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Biomedicine

The Smell of Trouble

Industrial tools must be monitored daily for wear and tear-a labor-intensive process that sacrifices production time. A new surface coating developed at the Fraunhofer Institute for Surface Engineering and Thin Films, in Brunswick, Germany, promises a more efficient way to smell trouble.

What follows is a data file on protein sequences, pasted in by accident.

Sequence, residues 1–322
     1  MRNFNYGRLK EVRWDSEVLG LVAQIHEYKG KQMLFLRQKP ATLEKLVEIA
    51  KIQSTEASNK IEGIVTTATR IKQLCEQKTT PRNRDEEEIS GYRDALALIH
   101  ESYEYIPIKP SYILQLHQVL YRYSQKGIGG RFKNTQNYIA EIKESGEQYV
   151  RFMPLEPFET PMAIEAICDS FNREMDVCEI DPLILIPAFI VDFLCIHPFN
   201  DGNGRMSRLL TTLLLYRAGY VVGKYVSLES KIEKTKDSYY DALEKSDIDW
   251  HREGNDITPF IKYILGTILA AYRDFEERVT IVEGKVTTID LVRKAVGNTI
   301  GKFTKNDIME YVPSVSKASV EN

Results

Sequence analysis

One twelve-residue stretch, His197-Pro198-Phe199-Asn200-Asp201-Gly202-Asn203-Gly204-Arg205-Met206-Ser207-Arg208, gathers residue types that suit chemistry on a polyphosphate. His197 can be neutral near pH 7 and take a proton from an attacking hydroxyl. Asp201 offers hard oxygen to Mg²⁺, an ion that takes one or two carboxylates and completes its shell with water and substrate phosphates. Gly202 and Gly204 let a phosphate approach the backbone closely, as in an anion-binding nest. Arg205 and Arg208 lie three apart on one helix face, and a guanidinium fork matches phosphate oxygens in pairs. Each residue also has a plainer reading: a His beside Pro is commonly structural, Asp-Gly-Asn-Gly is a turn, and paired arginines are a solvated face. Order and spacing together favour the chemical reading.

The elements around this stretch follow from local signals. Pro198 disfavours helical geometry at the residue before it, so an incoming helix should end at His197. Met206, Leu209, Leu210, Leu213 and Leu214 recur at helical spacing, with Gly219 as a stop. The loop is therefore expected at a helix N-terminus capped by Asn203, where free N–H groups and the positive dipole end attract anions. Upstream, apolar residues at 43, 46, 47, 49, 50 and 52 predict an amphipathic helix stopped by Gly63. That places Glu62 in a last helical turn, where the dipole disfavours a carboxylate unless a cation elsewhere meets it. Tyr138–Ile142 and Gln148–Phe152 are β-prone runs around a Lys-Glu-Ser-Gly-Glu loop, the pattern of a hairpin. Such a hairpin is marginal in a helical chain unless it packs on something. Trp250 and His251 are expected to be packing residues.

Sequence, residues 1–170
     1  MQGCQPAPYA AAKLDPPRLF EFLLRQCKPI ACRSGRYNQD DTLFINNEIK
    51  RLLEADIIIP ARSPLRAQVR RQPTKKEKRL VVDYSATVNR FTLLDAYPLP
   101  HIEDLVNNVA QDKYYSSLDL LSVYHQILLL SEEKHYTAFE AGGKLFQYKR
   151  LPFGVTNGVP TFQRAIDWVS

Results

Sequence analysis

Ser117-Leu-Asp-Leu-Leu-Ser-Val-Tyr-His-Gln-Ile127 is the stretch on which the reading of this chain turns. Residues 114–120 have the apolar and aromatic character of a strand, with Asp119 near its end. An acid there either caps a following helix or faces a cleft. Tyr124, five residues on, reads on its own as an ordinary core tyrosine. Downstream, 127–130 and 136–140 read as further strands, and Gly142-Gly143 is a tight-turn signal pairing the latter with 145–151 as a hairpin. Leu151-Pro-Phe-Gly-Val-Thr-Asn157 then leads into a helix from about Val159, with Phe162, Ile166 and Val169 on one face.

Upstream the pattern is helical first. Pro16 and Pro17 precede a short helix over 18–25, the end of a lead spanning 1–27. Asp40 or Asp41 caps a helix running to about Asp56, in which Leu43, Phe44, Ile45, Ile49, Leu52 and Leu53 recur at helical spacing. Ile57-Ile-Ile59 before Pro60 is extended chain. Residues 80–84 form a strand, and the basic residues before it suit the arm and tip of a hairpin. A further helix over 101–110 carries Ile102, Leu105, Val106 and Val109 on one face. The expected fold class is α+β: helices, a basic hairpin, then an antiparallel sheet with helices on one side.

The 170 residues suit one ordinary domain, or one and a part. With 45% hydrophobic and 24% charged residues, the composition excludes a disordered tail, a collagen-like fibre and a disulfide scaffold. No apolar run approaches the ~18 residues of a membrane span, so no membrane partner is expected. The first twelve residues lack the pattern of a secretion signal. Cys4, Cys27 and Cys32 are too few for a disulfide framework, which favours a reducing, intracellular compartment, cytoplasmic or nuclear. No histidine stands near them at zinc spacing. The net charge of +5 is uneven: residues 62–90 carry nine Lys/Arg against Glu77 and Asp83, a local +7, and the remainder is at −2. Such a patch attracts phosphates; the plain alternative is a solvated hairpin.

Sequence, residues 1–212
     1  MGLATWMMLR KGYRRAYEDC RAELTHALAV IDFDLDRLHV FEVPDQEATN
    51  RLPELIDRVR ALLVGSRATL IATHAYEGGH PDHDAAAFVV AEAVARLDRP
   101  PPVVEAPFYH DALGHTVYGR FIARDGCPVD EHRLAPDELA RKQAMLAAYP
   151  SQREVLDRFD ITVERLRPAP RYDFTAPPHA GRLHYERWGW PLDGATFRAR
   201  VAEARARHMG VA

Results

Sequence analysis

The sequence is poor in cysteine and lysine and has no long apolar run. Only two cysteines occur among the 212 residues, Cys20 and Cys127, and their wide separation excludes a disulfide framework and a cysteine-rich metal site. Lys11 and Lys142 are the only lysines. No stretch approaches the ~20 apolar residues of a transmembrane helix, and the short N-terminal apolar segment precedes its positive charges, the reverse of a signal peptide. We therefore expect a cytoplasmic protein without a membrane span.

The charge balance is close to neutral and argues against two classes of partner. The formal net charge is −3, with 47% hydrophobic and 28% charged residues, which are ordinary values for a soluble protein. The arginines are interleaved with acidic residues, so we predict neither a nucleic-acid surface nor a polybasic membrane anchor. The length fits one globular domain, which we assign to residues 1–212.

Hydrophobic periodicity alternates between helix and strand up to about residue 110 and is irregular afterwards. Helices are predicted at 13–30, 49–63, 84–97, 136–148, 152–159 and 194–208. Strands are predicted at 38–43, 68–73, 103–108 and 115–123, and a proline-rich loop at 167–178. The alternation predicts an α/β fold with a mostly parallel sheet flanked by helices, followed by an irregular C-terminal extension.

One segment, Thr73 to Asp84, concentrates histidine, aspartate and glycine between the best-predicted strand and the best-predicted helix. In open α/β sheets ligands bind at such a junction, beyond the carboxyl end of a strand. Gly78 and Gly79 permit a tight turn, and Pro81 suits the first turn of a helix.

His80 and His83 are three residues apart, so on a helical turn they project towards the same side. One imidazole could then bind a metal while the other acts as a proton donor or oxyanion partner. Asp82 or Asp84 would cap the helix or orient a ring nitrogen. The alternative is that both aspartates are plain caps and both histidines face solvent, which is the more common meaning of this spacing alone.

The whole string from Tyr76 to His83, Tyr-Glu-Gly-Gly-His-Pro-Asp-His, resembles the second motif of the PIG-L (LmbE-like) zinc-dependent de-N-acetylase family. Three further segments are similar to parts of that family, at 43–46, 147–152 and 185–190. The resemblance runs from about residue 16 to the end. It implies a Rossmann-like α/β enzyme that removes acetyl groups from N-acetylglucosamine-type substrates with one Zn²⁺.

The coating, embedded with fragrance-filled microcapsules, is applied to tools and machinery. As a protective top layer wears thin, the capsules are broken and the fragrance is released. For household tools, any concentrated fragrances, such as perfumes, can be used and detected by the human nose. For industrial machinery, other indicators, such as gases, can be encapsulated. When released, they can be detected by a sensor that triggers an alarm. The researchers aim to have the coatings commercially available in Europe within about a year.

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